By Chris Lane
By Jeff Balke
By Aaron Reiss
By Angelica Leicht
By Dianna Wray
By Aaron Reiss
By Camilo Smith
By Craig Malisow
And on Wednesday at 3 p.m. a small group of us gathered in our newsroom lounge, put Salvia divinorum in our newly purchased pipe, used our newly purchased lighter and inhaled.
The gray smoke surrounded us. Now it smelled like pot. It wasn't. But it wasn't exactly a nothing, either.
Intense, somewhat intense, rush that didn't last long but a rush all the same -- our research scientists reached consensus that they felt something. Some got it right away; others said they needed three or four hits before anything kicked in. Several also got an almost instantaneous mild headache that would nag them for hours.
One volunteer said she felt glued to her chair; she couldn't move. Several others said they felt leaden, suddenly uncoordinated. Legs and arms didn't work right. Lethargy reigned. The presence of our "watchdog baby-sitters" (there in case something went wrong) seemed superfluous, a paranoid level of overprotectiveness. No one was going to dance around and fall down. No one wanted to get up. Still, someone might catch the couches on fire, and since we were sitting on these couches and couldn't seem to get up, that could be trouble.
Giggles. More giggles. A wave of giggles around the room as we pondered the immensity of this. Despite all the literature stressing that salvia was "not a party drug" and was "not marijuana," the biggest general effect was to give us a massive case of the giggles. Salvia was supposed to make people withdraw into their own rooms, into their own heads, with lights down and no intrusions. Introspection time. Talking would divert people from seeing visions.
That's probably why the Indian guide didn't show. We kept interrupting the full experience. In an effort to ramp up, some of the scientists took to chewing the raw and then the dried leaves of the plant -- another method of ingestion mentioned in salvia guides.
Stoner music was added. "I didn't notice the music at first, and when I did, it felt strangely ubiquitous, as if it were coming from all corners of the room. I spent a while wondering if this was thanks to the excellent acoustics of the staff lounge or, perhaps more plausibly, the salvia," one explorer noted.
Another adventurer was cramming more and more leaves into his mouth. We consulted the instructions again. He should chew and then wait ten seconds before chewing again. Told he was supposed to keep the juice and the leaves in his mouth for a full 30 minutes before any effect could be guaranteed, he began to look desperate and a little green. Nothing was happening. He even dropped some of the leaves into his cup of chamomile tea, which now looked really nasty.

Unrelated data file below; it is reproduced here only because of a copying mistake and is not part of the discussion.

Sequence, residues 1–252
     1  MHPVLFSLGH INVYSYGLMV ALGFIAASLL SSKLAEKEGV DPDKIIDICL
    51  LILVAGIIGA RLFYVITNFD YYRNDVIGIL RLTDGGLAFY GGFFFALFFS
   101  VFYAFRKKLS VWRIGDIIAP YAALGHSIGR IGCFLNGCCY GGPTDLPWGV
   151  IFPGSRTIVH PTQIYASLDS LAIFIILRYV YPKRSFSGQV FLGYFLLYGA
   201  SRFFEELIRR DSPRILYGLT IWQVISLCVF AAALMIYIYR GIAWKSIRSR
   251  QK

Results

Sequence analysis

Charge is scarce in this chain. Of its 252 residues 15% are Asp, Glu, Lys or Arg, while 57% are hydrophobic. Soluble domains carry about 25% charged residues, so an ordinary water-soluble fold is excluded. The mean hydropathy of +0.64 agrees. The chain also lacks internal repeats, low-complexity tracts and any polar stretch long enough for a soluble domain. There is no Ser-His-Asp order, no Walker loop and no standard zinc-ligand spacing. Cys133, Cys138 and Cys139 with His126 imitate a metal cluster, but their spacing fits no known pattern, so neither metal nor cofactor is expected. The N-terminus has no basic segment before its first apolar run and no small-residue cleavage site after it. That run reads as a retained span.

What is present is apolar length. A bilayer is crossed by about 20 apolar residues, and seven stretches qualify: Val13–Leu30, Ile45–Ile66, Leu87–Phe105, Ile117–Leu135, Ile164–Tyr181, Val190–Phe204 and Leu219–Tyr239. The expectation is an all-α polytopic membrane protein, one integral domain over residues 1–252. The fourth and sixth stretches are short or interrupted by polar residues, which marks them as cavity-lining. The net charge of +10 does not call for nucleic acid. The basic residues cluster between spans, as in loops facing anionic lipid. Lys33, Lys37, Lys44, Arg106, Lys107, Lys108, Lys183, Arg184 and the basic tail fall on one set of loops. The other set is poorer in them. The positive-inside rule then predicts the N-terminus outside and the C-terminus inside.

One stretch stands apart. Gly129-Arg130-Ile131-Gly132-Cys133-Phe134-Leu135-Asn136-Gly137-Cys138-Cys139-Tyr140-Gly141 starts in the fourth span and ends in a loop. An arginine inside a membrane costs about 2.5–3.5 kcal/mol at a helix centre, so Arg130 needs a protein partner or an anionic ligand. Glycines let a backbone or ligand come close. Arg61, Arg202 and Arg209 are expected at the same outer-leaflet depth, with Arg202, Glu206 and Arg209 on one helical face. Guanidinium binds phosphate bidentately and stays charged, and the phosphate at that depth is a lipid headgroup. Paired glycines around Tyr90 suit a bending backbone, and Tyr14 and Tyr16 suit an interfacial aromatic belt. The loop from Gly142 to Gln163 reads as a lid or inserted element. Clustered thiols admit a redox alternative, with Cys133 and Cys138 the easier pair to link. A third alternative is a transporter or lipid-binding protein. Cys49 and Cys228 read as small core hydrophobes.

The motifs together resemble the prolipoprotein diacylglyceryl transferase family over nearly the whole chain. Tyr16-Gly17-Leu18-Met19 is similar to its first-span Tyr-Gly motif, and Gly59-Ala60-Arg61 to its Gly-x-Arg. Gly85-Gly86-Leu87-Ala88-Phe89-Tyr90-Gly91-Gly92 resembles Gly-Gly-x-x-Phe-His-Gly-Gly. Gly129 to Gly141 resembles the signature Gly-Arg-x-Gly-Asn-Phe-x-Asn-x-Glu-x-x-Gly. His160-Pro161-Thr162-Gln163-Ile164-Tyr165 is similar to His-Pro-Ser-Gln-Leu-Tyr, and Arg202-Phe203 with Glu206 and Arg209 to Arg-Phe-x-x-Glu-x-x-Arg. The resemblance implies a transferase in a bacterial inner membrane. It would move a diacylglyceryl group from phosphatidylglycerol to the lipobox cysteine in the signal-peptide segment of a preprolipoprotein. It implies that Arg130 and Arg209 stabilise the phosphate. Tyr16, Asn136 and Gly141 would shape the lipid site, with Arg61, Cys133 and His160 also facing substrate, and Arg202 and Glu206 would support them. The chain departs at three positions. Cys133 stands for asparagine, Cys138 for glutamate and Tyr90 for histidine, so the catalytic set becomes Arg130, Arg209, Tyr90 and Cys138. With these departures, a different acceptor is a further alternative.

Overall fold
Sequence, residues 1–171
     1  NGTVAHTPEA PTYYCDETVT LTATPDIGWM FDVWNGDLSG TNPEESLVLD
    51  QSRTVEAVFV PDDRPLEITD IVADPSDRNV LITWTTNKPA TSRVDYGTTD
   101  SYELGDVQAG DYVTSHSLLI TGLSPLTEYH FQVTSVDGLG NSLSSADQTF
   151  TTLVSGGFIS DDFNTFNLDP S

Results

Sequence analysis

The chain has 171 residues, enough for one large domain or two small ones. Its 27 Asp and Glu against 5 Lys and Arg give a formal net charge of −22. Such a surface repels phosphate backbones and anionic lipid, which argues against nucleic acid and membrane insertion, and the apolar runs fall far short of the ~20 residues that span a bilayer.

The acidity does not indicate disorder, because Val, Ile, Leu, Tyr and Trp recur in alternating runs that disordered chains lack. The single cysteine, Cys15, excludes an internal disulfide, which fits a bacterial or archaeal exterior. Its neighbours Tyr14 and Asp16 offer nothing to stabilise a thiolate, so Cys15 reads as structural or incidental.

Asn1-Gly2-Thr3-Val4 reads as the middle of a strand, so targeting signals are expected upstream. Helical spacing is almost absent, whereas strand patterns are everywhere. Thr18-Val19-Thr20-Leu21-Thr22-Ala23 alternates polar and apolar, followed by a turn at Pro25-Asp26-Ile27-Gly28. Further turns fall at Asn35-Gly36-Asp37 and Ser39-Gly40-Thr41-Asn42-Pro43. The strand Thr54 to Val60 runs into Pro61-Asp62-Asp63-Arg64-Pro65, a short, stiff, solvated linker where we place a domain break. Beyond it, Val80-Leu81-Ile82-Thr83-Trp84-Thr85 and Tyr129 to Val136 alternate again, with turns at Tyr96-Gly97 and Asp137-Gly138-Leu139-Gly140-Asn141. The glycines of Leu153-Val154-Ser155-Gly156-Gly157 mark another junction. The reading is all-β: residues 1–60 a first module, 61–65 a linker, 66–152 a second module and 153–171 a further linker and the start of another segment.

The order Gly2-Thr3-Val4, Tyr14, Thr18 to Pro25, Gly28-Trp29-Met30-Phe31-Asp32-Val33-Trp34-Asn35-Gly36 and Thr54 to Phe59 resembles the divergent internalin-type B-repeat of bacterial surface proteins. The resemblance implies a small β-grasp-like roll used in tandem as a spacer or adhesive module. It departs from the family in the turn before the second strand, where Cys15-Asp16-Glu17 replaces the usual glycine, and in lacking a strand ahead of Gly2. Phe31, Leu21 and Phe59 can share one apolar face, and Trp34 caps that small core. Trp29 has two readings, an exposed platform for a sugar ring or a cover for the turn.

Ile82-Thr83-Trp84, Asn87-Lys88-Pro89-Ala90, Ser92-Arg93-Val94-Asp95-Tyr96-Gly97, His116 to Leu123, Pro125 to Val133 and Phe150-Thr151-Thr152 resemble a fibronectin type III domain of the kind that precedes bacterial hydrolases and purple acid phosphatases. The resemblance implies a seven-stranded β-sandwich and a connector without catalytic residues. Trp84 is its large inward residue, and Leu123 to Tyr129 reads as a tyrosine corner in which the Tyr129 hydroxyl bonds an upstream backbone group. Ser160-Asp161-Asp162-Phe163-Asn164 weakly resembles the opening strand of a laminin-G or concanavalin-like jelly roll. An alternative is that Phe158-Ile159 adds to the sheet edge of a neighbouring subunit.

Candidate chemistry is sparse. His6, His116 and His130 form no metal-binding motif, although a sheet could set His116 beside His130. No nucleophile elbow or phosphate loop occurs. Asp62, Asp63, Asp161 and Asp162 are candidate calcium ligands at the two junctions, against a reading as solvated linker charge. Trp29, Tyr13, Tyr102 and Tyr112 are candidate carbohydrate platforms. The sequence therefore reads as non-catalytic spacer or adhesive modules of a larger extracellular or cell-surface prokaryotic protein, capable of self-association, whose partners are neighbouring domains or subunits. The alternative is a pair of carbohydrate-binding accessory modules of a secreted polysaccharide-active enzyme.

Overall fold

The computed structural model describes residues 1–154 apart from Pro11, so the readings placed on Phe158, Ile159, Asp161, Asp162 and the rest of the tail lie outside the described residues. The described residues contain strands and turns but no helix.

Then the closest thing to an Indian guide we were to encounter happened by. Actually it was an employee from the business side who did know something about salvia. He looked us over, smiling, then with a puzzled look asked: "You're not chewing the leaves off that plant are you? That's the wrong kind. That's Indigo spires salvia, not Salvia divinorum. That won't do anything." The leaf chewing came to a swift throat- and mouth-clearing end.
Afterward, the scientist reported that "The baked leaves tasted bitter and dry, yielding a dirty aftertaste. The uncooked leaves were more palatable and you could almost convince yourself that it was just part of some really healthy salad dish."
From time to time people from other departments came by to laugh at us. We laughed and they laughed. Everyone was in a good mood, with the exception of one of our "baby-sitters," who kept carping about the "secondhand smoke" and could she "please get some air."
Again, although it smelled like marijuana, salvia didn't share a lot of the same effects. There was no call for munchies, although we did discuss whether salvia could be baked in brownies. While salvia affected motor control, it didn't seem to affect thought processes. People did get high; there was a certain dreamlike quality, but the effects were fleeting. The literature warned strongly against mixing this stuff with alcohol, and no one seemed inclined to do so. We were too tired, although after about half an hour the most dedicated of our cigarette smokers made their way outside for a break and to laugh at drivers parking their cars.
We watched TV along with the music and, this being a newsroom, of course we had it tuned to CNN. Asked to rate the experience on a scale of one to ten, another staffer wrote: "About a nine for an at-work experience. About a five for a party."
In every scientific endeavor there are those for whom a 100 percent effort isn't enough. Keith Plocek agreed to go home that night and try again, away from the chattering newsroom.
I turned off the lights, lit some candles and incense, put on a hippie jam band and popped a borrowed copy of Baraka -- the trippy art film now passé among psychedelic types -- into the VCR, all in the grand spirit of Cheech and Chong.
My neighbor came over and we proceeded to pound a few hits of salvia. The moment I took my first hit, I was overcome with the immediate sense of wanting more. My whole body suddenly felt flush.